The UK P&I Club issued updated information regarding the conditions of ship detentions in Ukraine. Citing information provided by local correspondents, Dias Marine Consulting, the Club said that the scheme implemented by the representatives of the Ecological Inspection to detain ships which refused to allow samples of segregated ballast, is abandoned at present.
Historically, ships that refused samples were often denied a ‘radiology сontrol’ stamp in the ship’s cargo documents, which resulted in detention of ships in the loading port for a couple of days.
Currently, ecological inspectors certify radiology control certificates without delays, however ships are still being detained. In particular, the Regional Head Office of Ecology may issue an official letter to the Harbour Master with a request for detention on the grounds that the samples of seawater taken near the ship were analyzed and deemed unsatisfactory (by a number of indications) and, thus, most likely, the ship polluted the port’s water area. Often, no details or exact data/analyses are made available to the ship or the ship’s agent, the Club explained.
Elsewhere, events are developing in accordance with already well-known scheme: the ecological inspectors insist on taking samples of the segregated ballast or, if the ballast has already been pumped out, of its residues. Then a fine is imposed on the ship and the prohibition for sailing off is lifted. It is only possible to dispute the ecological inspectors’ actions in court but this can be a time-consuming procedure.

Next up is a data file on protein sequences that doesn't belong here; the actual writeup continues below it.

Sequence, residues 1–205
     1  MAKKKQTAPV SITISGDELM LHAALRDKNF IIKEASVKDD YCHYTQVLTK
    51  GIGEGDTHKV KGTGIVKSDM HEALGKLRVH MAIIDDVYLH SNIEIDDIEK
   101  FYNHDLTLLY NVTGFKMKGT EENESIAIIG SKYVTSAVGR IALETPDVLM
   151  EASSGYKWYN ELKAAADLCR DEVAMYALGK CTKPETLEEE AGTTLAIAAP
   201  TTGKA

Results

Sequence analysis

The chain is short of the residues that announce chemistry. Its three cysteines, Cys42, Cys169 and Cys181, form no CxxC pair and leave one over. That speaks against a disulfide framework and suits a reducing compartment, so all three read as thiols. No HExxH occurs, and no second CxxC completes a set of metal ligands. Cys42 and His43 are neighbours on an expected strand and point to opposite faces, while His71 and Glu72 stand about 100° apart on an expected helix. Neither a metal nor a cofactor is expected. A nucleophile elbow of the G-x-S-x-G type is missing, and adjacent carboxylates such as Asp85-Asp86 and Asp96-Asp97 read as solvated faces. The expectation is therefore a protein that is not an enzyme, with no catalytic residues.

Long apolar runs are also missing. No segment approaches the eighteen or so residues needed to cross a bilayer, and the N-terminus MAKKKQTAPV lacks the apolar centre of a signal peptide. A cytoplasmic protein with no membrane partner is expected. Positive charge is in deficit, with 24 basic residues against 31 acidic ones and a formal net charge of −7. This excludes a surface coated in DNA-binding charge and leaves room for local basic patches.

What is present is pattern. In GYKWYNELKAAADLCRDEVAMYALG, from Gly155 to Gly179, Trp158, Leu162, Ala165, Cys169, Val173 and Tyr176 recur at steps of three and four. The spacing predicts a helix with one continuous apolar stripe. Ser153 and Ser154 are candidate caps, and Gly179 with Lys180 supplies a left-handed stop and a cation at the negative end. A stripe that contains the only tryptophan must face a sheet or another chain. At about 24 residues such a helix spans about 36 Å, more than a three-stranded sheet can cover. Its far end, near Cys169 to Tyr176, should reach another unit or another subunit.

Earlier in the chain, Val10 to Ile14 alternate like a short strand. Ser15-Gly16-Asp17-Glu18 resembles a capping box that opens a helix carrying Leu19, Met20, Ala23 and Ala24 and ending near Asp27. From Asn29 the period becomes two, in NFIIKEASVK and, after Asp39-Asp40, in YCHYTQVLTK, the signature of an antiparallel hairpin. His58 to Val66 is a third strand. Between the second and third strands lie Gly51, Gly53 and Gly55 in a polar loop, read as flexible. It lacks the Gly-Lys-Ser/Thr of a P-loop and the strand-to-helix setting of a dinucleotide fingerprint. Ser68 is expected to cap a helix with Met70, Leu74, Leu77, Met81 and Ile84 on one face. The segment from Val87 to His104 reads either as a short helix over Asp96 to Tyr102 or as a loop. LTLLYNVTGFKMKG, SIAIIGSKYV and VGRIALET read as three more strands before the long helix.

The Immigration Service of Ukraine was earlier given special instructions to exclude the ecological inspectors from the list of official bodies who carry out inward clearance of ships. Nevertheless, the officials of Ecological Inspection have gained again the authority to take samples of the segregated ballast and to make laboratory analysis.
Where the Inspection refused to accept cargo radiology certificates, it was possible to argue that the problems lay within the cargo only and could not be attributed to the ship – thus it was possible afterwards to successfully litigate or resort to arbitration with the charterers. Whereas, as the new practice goes, it’s likely the Shipowner will be to blame for the ship’s delay.
In most cases, the fines imposed by the ecological inspection (which may range from USD 20,000 to USD 60,000) inflict less financial losses on the shipowners than a 2-3 or even more days delay in the port.